looked like silver dollars. When they finely stopped laying               Frederick being a mite feisty hauled off and kicked a tuft
eggs altogether, dad sold the hens to the hardware store for        of grass sod. He almost broke his toe. The grass sod went
weather vanes.                                                      flying and we looked down and he had uncovered a hole
                                                                    into the ground. Suddenly, out of the hole came a mess of
   It all started one Saturday morning. We decided we
                                                                    snakes. Apparently they had been hibernating in the ground
wanted to go into Pocomoke to the Marvel movie theater.
                                                                    and we had stirred them up. They pored out, fat ones, long
Pocomoke only had one theater and it only showed one
                                                                    skinny ones, short ones, all sizes. We jumped back until we
movie show a week at 5.00 PM Saturday.
                                                                    seen they were snakes we called Coach Whips, which are
    We had heard in school that in addition to the Buck Rog-        not dangerous. The snakes got out about ten yards and
ers serial, there was a controversial place in the Roy Rogers       started to get sluggish on that cold ground. At fifteen yards,
movie. Roy kissed his horse Trigger at the end of the movie!        they stiffened up like boards. Brothers, commented Barbara
This was exciting. You have to understand the times. In the         Anne, I think we just found some fence posts. Grab an arm
Roy Rogers cowboy movies Roy never kissed Dale Evans his            full of the long snakes and load them in the wagon.
wife but he was going to kiss Trigger his horse!
                                                                         We started again. Marvin hit the ground with the pick
    We came down stairs at breakfast and asked our Pa if            ax and I stuck the snake into the hole tail first. Frederick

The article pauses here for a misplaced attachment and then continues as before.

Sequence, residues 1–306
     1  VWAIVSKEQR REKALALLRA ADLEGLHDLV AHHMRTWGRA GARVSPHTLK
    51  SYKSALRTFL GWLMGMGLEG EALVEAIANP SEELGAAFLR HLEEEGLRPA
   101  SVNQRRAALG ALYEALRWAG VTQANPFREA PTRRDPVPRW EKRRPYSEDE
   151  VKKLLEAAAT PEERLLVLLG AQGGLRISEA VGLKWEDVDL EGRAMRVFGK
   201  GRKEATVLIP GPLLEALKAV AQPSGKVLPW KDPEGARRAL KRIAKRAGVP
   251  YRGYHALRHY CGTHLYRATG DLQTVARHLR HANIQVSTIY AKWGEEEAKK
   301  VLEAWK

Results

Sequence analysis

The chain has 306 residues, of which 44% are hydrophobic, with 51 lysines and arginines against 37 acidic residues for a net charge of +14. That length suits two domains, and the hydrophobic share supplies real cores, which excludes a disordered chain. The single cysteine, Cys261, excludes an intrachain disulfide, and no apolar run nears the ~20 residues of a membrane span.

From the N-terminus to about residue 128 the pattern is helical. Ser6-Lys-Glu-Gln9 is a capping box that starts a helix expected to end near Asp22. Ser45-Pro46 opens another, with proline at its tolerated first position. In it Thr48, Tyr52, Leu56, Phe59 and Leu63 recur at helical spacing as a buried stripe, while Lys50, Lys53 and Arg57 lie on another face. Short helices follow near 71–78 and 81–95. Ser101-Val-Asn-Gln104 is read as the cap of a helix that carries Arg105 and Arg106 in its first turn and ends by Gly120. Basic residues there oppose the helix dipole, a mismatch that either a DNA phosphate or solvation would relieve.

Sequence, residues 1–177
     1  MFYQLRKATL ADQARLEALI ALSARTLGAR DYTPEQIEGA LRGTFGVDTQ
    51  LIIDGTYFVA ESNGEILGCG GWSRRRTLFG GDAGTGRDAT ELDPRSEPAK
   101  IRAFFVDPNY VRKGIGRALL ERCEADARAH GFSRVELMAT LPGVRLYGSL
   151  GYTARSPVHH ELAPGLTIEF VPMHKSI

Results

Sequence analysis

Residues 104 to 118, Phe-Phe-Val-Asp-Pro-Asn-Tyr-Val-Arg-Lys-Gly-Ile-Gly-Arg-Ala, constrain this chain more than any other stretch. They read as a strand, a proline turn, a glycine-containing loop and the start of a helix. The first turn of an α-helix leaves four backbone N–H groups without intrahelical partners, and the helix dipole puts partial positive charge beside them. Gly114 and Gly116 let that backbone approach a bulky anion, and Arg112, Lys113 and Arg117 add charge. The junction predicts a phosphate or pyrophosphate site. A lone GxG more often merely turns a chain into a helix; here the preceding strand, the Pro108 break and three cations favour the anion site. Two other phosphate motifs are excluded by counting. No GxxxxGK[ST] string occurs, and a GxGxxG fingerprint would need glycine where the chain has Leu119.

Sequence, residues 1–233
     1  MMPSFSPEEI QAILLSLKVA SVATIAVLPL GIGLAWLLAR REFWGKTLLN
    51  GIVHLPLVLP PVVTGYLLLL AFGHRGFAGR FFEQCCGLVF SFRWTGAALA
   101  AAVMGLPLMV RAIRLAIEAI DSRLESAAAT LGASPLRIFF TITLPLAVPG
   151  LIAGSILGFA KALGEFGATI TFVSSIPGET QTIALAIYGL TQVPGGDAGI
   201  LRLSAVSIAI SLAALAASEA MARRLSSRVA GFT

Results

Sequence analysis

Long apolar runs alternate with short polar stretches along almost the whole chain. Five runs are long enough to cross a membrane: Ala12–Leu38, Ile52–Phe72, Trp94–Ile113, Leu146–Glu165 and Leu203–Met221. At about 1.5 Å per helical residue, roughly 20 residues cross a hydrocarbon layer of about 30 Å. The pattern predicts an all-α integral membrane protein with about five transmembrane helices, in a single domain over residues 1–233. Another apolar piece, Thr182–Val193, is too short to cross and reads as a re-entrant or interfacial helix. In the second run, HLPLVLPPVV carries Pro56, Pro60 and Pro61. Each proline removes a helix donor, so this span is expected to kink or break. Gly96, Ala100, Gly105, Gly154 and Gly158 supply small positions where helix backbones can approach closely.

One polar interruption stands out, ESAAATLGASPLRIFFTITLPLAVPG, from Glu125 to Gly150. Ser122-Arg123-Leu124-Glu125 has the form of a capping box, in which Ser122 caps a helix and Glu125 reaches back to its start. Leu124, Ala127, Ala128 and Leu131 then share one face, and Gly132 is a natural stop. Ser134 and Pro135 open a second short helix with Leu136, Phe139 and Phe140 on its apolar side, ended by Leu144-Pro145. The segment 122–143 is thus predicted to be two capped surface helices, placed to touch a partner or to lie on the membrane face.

we could go to the movies. He remarked, yes, if you have            wrapped his gloved hand around a snake’s head and tapped
your extra outdoor chores done.                                     his other hand on the head a little so they would stick but not
                                                                    break. The first snake we hit with the sledge hammer. That
    What extra outdoor chores?
                                                                    was a mistake. A frozen snake breaks like glass. We tied the
    Pa, with a grin, announced, I want you boys to run a barbed     barbed wire to them and finished the job. We learned with
wire fence from our East pasture to the Scott farm fence.           the second snake you can’t hit a nail in either or they shatter
                                                                    like glass. We got home and our Pa was amazed to hear we
    But Pa, that is three miles! The ground is frozen solid six
                                                                    were done. When Marvin explained how we started the proj-
feet deep. We can’t dig a fence post hole with a fence post
                                                                    ect, he did not mention how we finished the project. He did
digger in that frozen ground!
                                                                    not lie. I did not lie when I was a kid and I do not lie now. We
    If you youngsters want money to go to the movies,               went into Pocomoke to the Marvel theater and saw that Roy
you’re going to have to figure out how to get the job done.          Rogers Movie. When he kissed Trigger, I got goose bumps
And that was that.                                                  all down one side and had to walk home all tilted over and
     After breakfast, we were outside watering and feeding
the stock with buckets of hot water (If you used cool water             We almost got away with it. However, the following
it would freeze before the stock could get a drink). My sister      Tuesday the sun broke through the clouds, heated up and